Youth unemployment has increased in 97 per cent of local authority areas in the UK in the last 12 months, according to a TUC analysis published ahead of the latest official unemployment statistics out next week (Wednesday 16 November).

With the prospect of youth unemployment hitting the one million mark when the Office for National Statistics released the latest figures next week, the TUC reveals that the number of young people aged between 18 and 24 unable to find work in the UK has increased in 196 of 202 local authorities since September 2010.

The TUC believes this illustrates that the government’s current approach to youth joblessness and the economy is not working.

The only six UK local authorities where youth unemployment has stalled in the last year are Hillingdon, Kensington and Chelsea, Kingston upon Thames, Richmond upon Thames, Reading and – the only authority not in the south east – Warwickshire. Everywhere else has witnessed an increase, by an average of 1.2 percentage points.

The local authority areas with the biggest rises in the number of young people claiming Jobseeker’s Allowance between September 2010 and September 2011 include Hartlepool (3.5 percentage point increase), Darlington (3.2), Waltham Forest (3 per cent), Sandwell (2.9), and Doncaster, Torbay and Blackpool (all 2.7 per cent).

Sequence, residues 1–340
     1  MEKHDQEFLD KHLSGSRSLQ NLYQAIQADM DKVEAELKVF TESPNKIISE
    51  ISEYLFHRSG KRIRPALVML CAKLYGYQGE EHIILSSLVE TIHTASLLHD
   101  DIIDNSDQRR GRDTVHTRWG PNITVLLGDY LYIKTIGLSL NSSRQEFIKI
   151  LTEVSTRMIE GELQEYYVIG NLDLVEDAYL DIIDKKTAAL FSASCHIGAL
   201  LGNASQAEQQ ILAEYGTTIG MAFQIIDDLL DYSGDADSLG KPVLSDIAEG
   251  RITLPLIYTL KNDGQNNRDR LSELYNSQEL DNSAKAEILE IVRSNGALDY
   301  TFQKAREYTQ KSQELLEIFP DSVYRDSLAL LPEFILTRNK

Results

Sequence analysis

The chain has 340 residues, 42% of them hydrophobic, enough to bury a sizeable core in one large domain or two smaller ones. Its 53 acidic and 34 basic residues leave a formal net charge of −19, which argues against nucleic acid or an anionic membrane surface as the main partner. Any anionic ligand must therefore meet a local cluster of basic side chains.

The TUC analysis also reveals the extent to which youth unemployment worsened during the recession. From September 2007 to September 2011, the number of young people unable to find work at least doubled in a third of local authorities (32 per cent).

The worse hit authorities over the last three years are Clackmannanshire (7.5 percentage point increase since September 2007), Doncaster (7.4), Hartlepool (7.1), Rotherham (6.9), Rochdale and Redcar and Cleveland (both 6.8).

TUC General Secretary Brendan Barber said: ‘We’re facing the biggest youth unemployment crisis in a generation with close to one million of our young people unable to find work.

‘With the economic outlook the gloomiest it’s been since the end of the recession the bleak prospects facing young jobseekers look set to be with us for some considerable time to come, unless the government changes course now and brings in immediate measures to support jobs and growth.

‘Young people need particular help to make sure they don’t spend long periods out of employment or education. We need a proper replacement for the Future Jobs Fund, new measures to support the creation of more apprenticeships and a government commitment that no unemployed young person will spend more than six months out of employment or high quality training.

‘The Chancellor’s plan A has already sent unemployment to a 17-year high. Our young people, and our whole country, urgently need a plan B to get people back into work and the economy back on its feet.’